The Dallas-Fort Worth region is one of the fastest-growing and most dynamic in the nation. From February 2018 to February 2019, North Texas added over 100,000 new jobs, more than any other metro area in the country except New York. The unemployment rate in North Texas is 3.6 percent, significantly below the 4.1 percent national average.
But this growth presents challenges. Land-use regulations in some established cities have pushed most of this growth out to the fringes of North Texas, in places like central and northern Collin and Denton counties, creating a serious transportation challenge. According to the consultancy INRIX, the average Dallas driver lost 76 hours every year to traffic congestion in 2018. And suburbs are developing in a way that leaves most people no choice but to drive everywhere — largely the result of regulations that require massive parking lots in every new development, making driving artificially cheap and walking unpleasant.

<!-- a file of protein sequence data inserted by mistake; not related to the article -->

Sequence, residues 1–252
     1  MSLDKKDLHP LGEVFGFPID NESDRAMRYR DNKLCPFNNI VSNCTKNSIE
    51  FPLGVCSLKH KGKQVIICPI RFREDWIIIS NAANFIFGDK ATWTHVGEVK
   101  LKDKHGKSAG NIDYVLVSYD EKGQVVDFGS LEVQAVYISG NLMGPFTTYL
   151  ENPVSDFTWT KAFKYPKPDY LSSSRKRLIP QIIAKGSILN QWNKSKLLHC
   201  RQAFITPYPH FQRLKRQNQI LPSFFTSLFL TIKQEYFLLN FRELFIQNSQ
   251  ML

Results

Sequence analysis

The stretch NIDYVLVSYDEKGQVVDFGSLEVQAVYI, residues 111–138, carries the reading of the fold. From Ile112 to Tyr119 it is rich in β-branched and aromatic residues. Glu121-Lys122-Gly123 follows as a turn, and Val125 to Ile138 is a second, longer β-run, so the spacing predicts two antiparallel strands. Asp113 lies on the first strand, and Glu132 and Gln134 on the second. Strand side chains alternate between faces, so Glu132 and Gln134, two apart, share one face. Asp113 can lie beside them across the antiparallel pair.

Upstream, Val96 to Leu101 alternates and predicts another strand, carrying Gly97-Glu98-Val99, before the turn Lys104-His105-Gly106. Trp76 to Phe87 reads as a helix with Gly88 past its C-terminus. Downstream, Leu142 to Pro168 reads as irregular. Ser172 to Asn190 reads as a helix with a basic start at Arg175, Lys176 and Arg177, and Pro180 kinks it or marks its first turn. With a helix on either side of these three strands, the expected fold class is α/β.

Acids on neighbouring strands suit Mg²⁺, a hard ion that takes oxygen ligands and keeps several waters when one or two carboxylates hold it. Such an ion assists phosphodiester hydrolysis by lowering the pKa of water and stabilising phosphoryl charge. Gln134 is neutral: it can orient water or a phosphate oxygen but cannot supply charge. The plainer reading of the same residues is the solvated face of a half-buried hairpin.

The result? North Texas workers are taking longer to travel to work, even as they travel shorter distances. From 2009 to 2017, the average distance that local workers commuted during rush hour fell by a mile, even as the average time they spent increased by three minutes. The frontier of new development in the metro area, in towns like Frisco and McKinney, is already well out of commuting distance for downtown Dallas, guaranteeing that a large amount of economic growth will be in suburban areas instead.
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